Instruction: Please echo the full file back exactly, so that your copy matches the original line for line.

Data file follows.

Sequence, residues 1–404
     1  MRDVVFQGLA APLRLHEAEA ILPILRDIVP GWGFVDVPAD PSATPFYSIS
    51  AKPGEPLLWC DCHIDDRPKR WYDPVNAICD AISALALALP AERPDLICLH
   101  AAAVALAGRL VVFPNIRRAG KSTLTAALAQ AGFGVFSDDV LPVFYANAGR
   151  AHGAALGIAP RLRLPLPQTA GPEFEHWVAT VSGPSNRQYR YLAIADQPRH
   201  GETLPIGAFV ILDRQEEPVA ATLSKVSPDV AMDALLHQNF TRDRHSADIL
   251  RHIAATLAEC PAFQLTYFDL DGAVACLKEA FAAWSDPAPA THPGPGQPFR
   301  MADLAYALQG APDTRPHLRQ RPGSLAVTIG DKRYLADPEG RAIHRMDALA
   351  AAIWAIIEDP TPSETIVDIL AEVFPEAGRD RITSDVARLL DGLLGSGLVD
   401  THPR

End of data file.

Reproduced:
Sequence, residues 1–404
     1  MRDVVFQGLA APLRLHEAEA ILPILRDIVP GWGFVDVPAD PSATPFYSIS
    51  AKPGEPLLWC DCHIDDRPKR WYDPVNAICD AISALALALP AERPDLICLH
   101  AAAVALAGRL VVFPNIRRAG KSTLTAALAQ AGFGVFSDDV LPVFYANAGR
   151  AHGAALGIAP RLRLPLPQTA GPEFEHWVAT VSGPSNRQYR YLAIADQPRH
   201  GETLPIGAFV ILDRQEEPVA ATLSKVSPDV AMDALLHQNF TRDRHSADIL
   251  RHIAATLAEC PAFQLTYFDL DGAVACLKEA FAAWSDPAPA THPGPGQPFR
   301  MADLAYALQG APDTRPHLRQ RPGSLAVTIG DKRYLADPEG RAIHRMDALA
   351  AAIWAIIEDP TPSETIVDIL AEVFPEAGRD RITSDVARLL DGLLGSGLVD
   401  THPR